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FINANCE, BUDGETS AND CASHFLOW
The vast majority of businesses in the UK today use invoices in one way or another. Even those who don’t send invoices to customers use them for things like paying bills to creditors, for instance.
In most cases, invoices are put together manually, either in physical form or digital, and sent out by often insecure means like email.
E-invoicing has the potential to change that. In this article, we’ll explain what an e-invoice is and outline the benefits of using them. Then, we’ll run through how you can get started using e-invoices.
To learn all about how to send out electronic personalised invoices, read on.
An e-invoice, or electronic invoice, is an electronically (or digitally) delivered invoice.
Electronic invoices are produced by software without the need for a human to input any data. This means they can be automatically read by a software, rather than by a human, in order to get the bill paid faster.
Traditional invoices need to be seen by someone who will then turn the data into a bill to be paid. Going electronic with invoicing means that you don’t need to spend time turning invoices into bills - which also means there’s less risk of mistakes being made.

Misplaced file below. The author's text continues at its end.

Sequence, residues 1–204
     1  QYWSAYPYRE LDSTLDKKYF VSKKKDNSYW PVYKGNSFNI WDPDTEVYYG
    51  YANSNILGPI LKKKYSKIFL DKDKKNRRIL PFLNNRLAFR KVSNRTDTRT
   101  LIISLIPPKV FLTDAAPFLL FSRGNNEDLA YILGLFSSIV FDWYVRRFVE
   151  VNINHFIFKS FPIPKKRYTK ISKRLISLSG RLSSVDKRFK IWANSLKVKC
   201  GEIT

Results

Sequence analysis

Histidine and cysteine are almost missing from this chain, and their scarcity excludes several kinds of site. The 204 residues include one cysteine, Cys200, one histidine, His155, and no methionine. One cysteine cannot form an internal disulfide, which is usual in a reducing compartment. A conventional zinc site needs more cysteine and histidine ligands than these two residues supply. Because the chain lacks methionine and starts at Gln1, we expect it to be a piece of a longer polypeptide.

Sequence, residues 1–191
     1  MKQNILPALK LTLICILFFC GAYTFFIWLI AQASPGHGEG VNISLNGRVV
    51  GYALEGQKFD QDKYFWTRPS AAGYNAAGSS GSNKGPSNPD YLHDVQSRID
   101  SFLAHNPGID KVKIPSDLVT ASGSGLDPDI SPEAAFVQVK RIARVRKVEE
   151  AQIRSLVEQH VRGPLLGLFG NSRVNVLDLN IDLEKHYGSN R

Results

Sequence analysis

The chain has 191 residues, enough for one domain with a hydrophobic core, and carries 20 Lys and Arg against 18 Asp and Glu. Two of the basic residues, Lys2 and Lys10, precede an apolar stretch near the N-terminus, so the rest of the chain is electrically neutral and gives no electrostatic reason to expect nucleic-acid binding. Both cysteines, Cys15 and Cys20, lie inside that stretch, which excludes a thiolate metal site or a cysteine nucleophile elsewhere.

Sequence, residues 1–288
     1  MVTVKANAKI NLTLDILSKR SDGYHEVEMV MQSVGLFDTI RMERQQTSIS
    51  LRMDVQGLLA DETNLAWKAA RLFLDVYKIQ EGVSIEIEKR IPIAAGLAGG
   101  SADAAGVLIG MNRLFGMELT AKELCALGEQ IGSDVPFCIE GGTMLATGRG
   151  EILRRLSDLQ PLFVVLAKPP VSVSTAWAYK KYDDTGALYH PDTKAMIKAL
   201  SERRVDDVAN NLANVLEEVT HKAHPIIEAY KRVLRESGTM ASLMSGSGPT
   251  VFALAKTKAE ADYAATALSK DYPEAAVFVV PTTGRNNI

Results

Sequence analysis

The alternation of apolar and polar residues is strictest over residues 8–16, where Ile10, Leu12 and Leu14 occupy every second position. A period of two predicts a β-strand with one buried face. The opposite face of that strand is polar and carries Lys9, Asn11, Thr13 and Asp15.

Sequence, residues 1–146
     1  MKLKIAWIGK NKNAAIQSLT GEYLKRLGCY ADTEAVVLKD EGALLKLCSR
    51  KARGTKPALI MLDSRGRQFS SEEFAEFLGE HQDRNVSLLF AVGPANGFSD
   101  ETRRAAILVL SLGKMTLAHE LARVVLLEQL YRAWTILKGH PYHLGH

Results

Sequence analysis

Electronic invoices are produced by software, without human intervention.
One way to help understand e-invoices is by comparing them to digital invoices. In contrast to an electronic invoice, a digital invoice is any form of invoice that can be viewed and processed digitally.
Digital invoices tend to come in two forms:
PDF or Word files
Scanned paper invoices
Digital invoices are produced manually and are usually designed to be easy for humans to read and understand. They require an extra level of human intervention.
And while you will be taking extra care to make sure that no mistakes are made, errors can happen. By automating the process, you hugely minimise this risk.
Confused about e-invoices? Or want to know how to get started? Check out our comprehensive guide to find out all about it!
There’s a lot to keep in mind when writing an invoice manually. To be legally enforceable, an invoice must contain a wealth of information.